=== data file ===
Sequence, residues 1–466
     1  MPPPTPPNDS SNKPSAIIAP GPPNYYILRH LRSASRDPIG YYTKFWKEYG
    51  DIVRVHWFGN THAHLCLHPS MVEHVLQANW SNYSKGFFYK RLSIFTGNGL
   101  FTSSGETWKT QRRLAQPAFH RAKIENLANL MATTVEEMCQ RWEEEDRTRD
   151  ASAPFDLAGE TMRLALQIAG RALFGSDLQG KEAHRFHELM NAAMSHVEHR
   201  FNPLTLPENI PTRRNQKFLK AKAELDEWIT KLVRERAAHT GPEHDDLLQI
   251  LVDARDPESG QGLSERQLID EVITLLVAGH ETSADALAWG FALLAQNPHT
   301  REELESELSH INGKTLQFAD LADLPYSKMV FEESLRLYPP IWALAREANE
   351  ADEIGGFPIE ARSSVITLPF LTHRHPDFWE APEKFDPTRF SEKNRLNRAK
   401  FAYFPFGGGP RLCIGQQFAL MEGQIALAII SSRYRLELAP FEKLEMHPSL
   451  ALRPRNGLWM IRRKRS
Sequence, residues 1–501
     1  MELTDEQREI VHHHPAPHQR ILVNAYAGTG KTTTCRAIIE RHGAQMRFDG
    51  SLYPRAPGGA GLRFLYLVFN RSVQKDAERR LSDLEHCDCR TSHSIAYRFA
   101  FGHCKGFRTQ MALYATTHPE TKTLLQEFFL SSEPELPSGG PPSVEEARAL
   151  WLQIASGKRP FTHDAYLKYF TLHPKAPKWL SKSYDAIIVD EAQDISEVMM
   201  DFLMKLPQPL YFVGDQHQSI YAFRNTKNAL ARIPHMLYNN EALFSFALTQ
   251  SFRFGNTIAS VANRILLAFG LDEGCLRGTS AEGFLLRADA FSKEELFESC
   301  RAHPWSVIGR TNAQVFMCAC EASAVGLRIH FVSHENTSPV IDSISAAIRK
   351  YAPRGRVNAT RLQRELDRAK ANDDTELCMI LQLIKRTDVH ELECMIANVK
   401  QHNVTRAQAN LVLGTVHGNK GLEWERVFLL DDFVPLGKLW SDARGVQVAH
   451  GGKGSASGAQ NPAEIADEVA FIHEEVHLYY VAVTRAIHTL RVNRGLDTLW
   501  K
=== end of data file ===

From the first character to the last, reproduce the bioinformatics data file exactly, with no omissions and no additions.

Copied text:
Sequence, residues 1–466
     1  MPPPTPPNDS SNKPSAIIAP GPPNYYILRH LRSASRDPIG YYTKFWKEYG
    51  DIVRVHWFGN THAHLCLHPS MVEHVLQANW SNYSKGFFYK RLSIFTGNGL
   101  FTSSGETWKT QRRLAQPAFH RAKIENLANL MATTVEEMCQ RWEEEDRTRD
   151  ASAPFDLAGE TMRLALQIAG RALFGSDLQG KEAHRFHELM NAAMSHVEHR
   201  FNPLTLPENI PTRRNQKFLK AKAELDEWIT KLVRERAAHT GPEHDDLLQI
   251  LVDARDPESG QGLSERQLID EVITLLVAGH ETSADALAWG FALLAQNPHT
   301  REELESELSH INGKTLQFAD LADLPYSKMV FEESLRLYPP IWALAREANE
   351  ADEIGGFPIE ARSSVITLPF LTHRHPDFWE APEKFDPTRF SEKNRLNRAK
   401  FAYFPFGGGP RLCIGQQFAL MEGQIALAII SSRYRLELAP FEKLEMHPSL
   451  ALRPRNGLWM IRRKRS
Sequence, residues 1–501
     1  MELTDEQREI VHHHPAPHQR ILVNAYAGTG KTTTCRAIIE RHGAQMRFDG
    51  SLYPRAPGGA GLRFLYLVFN RSVQKDAERR LSDLEHCDCR TSHSIAYRFA
   101  FGHCKGFRTQ MALYATTHPE TKTLLQEFFL SSEPELPSGG PPSVEEARAL
   151  WLQIASGKRP FTHDAYLKYF TLHPKAPKWL SKSYDAIIVD EAQDISEVMM
   201  DFLMKLPQPL YFVGDQHQSI YAFRNTKNAL ARIPHMLYNN EALFSFALTQ
   251  SFRFGNTIAS VANRILLAFG LDEGCLRGTS AEGFLLRADA FSKEELFESC
   301  RAHPWSVIGR TNAQVFMCAC EASAVGLRIH FVSHENTSPV IDSISAAIRK
   351  YAPRGRVNAT RLQRELDRAK ANDDTELCMI LQLIKRTDVH ELECMIANVK
   401  QHNVTRAQAN LVLGTVHGNK GLEWERVFLL DDFVPLGKLW SDARGVQVAH
   451  GGKGSASGAQ NPAEIADEVA FIHEEVHLYY VAVTRAIHTL RVNRGLDTLW
   501  K